The UK's Net Zero 2050 policy contains bold plans to plant millions of trees each year to expand landcover in woodlands and forests, not only helping to sequester carbon but also contributing to lower local temperatures as the climate changes. This is vital for climate action, but these changes in land use have implications for the spread of non-native species and disease.

This complex issue is at the heart of this research. Dr Massei added: “We want this research to produce evidence-based recommendations for minimising the risks of tick-borne disease which could occur through rewilding and reforestation. I’m proud the University of York can be part of this impact-focused research into squirrel populations, which could transform human health in the years to come.”

Some experts have argued that the removal of grey squirrels by itself could result in a reduction in Lyme disease risk, but this has not yet been proven. This is because ticks can feed on other wild animals and it is not clear what will happen when grey squirrels are removed in terms of disease risk. 

Climate change

This project plans to answer this question by determining what happens when grey squirrel populations are being reduced, and how this affects ticks and diseases. It will also develop models to predict what could happen to grey squirrel populations, and the ticks and diseases they host, as a consequence of increasing woodlands and forests in the UK while the climate is also changing.

The research is headed by Professor Steven Belmain and Dr Dan Bray at the Natural Resources Institute, University of Greenwich and involves a co-investigator team of researchers based at the same university (Dr Dan Bray), University of Salford (Prof Richard Birtles), the University of York (Dr Giovanna Massei), the Animal and Plant Health Agency (Dr Simon Croft) and Forest Research (Dr Harry Marshall).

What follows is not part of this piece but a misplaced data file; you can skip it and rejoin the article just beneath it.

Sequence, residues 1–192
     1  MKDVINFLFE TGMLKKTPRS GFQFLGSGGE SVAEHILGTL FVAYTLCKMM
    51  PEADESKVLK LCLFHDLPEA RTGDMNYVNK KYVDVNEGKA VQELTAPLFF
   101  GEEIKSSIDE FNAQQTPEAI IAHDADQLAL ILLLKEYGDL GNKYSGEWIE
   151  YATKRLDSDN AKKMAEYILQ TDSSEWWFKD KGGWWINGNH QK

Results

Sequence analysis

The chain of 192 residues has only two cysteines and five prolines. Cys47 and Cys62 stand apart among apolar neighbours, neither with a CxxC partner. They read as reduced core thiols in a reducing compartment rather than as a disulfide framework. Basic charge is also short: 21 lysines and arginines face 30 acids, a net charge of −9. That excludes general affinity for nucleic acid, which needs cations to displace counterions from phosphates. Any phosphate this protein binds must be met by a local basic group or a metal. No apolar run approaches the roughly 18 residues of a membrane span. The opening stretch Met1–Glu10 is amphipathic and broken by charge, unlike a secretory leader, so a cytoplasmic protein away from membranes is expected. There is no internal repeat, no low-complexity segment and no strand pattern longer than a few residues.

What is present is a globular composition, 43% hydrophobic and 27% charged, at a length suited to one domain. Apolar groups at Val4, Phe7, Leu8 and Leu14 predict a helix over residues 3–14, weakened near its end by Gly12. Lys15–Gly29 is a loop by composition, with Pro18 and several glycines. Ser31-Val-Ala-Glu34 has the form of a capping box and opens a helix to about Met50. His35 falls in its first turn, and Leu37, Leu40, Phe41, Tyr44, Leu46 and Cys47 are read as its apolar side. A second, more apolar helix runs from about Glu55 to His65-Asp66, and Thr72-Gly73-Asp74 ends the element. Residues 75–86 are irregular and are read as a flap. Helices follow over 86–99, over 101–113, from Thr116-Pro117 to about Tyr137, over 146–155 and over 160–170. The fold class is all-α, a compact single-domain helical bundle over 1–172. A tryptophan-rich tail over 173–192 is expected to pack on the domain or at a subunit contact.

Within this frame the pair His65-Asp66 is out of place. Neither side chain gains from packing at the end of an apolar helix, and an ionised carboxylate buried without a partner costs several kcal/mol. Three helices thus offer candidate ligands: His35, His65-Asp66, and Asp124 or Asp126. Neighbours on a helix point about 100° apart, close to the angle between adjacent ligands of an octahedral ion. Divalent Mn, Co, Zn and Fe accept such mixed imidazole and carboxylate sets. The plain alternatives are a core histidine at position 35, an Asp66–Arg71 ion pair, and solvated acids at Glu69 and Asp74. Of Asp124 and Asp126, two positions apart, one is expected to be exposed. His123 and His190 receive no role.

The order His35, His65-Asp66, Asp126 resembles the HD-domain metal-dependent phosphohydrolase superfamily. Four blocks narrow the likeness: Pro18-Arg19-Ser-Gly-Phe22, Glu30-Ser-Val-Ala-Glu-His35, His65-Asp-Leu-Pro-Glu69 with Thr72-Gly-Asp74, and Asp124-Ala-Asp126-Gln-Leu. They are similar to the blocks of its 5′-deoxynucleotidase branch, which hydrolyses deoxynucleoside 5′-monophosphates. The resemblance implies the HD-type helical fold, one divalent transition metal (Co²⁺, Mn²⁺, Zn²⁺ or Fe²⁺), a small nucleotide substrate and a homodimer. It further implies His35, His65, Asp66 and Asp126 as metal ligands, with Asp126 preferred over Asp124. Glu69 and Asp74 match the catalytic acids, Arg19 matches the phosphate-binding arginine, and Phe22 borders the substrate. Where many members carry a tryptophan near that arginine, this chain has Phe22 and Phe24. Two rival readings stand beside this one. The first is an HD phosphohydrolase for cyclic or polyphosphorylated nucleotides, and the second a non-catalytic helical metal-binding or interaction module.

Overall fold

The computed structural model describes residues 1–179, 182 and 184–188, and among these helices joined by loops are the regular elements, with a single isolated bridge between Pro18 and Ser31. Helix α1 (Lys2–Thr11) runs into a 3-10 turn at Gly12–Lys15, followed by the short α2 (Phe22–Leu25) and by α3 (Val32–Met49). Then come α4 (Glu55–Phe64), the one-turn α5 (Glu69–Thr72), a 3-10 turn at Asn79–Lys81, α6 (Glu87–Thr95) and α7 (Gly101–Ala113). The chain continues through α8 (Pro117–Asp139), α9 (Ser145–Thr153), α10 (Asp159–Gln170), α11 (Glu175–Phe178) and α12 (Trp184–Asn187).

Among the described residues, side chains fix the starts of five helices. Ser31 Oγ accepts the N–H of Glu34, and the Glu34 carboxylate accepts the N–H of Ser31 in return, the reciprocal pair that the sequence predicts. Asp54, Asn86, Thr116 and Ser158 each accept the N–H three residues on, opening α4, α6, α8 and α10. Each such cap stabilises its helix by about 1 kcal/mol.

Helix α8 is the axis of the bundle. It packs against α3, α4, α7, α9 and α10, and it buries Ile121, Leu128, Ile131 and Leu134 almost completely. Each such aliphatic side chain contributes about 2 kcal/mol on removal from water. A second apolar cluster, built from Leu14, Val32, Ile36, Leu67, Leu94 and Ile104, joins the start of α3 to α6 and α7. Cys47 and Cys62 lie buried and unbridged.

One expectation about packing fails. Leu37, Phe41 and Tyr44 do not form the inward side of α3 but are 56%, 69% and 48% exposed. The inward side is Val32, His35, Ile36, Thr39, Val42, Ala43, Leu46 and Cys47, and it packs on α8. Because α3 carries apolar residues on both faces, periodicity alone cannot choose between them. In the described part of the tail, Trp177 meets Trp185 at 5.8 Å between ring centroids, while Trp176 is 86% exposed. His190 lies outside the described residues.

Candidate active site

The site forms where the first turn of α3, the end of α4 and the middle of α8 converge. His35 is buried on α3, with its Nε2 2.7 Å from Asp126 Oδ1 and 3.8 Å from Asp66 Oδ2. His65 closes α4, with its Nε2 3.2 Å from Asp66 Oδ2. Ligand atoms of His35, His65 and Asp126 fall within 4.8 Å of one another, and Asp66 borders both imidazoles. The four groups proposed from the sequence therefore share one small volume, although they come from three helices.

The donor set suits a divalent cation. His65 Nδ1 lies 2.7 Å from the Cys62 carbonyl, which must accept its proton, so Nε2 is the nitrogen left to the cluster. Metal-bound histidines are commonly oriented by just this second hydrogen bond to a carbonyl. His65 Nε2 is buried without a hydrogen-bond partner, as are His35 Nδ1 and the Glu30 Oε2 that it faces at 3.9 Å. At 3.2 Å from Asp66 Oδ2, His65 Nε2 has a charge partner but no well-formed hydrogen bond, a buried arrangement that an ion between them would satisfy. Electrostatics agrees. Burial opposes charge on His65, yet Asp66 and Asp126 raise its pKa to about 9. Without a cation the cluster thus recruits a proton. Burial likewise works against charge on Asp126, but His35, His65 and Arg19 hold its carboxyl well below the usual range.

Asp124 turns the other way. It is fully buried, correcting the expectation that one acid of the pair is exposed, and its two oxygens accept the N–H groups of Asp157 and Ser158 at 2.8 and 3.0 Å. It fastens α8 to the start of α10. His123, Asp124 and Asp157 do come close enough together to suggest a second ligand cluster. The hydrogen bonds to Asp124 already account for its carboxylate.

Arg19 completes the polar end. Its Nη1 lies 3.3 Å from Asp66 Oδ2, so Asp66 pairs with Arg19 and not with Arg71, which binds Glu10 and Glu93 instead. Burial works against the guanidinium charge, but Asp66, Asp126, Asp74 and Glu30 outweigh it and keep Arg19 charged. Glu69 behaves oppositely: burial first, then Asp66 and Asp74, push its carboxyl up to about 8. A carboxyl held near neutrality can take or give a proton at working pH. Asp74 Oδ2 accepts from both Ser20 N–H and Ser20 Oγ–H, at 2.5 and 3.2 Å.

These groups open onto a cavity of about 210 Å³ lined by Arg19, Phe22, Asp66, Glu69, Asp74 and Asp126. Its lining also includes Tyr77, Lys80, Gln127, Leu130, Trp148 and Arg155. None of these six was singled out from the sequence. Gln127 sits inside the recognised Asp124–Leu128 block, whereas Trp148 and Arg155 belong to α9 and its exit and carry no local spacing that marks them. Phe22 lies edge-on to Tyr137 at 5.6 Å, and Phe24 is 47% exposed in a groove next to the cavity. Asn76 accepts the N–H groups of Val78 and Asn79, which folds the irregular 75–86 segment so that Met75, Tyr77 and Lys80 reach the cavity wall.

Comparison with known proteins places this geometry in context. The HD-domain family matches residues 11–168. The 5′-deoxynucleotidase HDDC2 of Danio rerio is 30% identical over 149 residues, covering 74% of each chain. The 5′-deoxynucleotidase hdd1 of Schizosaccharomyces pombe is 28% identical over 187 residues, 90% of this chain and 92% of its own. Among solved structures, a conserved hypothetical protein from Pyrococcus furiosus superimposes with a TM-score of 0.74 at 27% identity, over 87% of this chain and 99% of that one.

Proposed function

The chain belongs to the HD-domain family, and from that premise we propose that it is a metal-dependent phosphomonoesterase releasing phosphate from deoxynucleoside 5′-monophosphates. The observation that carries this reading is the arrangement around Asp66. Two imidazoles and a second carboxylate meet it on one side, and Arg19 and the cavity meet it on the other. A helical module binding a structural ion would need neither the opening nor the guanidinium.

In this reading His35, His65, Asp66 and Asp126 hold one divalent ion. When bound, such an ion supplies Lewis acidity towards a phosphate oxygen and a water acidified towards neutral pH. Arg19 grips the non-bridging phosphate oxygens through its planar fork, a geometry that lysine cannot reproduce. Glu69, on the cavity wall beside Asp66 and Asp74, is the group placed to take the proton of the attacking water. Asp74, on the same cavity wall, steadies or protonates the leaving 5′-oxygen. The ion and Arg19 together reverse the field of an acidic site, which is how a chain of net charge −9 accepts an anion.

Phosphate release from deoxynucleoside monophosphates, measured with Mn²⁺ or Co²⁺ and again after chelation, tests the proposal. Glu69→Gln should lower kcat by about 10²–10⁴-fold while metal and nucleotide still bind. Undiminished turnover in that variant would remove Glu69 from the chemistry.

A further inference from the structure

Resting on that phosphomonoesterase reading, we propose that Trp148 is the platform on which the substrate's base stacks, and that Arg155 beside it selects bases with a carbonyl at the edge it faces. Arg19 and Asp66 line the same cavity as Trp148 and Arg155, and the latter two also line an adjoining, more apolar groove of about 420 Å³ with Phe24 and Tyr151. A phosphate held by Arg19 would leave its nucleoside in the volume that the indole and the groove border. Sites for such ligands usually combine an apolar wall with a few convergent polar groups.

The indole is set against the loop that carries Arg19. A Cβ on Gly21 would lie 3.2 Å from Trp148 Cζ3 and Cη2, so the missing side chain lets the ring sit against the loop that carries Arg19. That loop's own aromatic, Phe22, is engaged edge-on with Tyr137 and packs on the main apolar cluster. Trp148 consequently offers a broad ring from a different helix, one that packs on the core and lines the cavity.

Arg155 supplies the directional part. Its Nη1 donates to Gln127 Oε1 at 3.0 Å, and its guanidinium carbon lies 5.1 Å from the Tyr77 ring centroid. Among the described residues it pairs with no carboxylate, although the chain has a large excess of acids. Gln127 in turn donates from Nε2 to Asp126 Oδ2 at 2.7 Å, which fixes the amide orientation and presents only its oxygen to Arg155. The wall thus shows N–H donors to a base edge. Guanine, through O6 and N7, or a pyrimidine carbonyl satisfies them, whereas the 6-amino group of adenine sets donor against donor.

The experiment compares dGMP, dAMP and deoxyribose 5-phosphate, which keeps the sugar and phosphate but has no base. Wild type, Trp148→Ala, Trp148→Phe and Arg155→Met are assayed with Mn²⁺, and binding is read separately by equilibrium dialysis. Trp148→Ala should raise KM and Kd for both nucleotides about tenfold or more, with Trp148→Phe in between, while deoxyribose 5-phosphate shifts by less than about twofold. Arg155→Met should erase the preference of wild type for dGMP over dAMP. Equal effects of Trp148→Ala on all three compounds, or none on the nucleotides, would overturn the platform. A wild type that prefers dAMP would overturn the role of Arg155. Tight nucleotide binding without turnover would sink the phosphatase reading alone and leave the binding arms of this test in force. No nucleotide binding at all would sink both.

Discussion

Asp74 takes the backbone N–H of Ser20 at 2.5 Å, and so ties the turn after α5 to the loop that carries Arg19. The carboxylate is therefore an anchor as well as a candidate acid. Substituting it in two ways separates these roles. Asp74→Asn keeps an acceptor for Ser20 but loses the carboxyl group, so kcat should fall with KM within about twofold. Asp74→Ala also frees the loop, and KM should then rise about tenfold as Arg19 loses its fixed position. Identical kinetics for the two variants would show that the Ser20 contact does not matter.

Prof Belmain said: “Our research aims to build on these ongoing activities to control grey squirrels, helping to understand the role of greys in perpetuating Lyme disease and seeing whether reducing the population of greys can also reduce the prevalence of ticks and Lyme disease. We hope to show that grey squirrels can be sustainably managed in humane ways by non-lethal methods that will lower their population, helping the smaller red squirrel population to recover and expand so that more people can appreciate reds in the wild whilst reducing the chances of catching Lyme disease.”

public engagement 

The team will engage with the public throughout the project, particularly with groups trying to save the red squirrel through grey squirrel control. The project team will also explore the attitudes of the wider public towards squirrels, ticks and infections such as Lyme disease. This is an essential step toward understanding people's concerns about animal control, and how best to protect people from vector-borne disease in a changing environment and climate.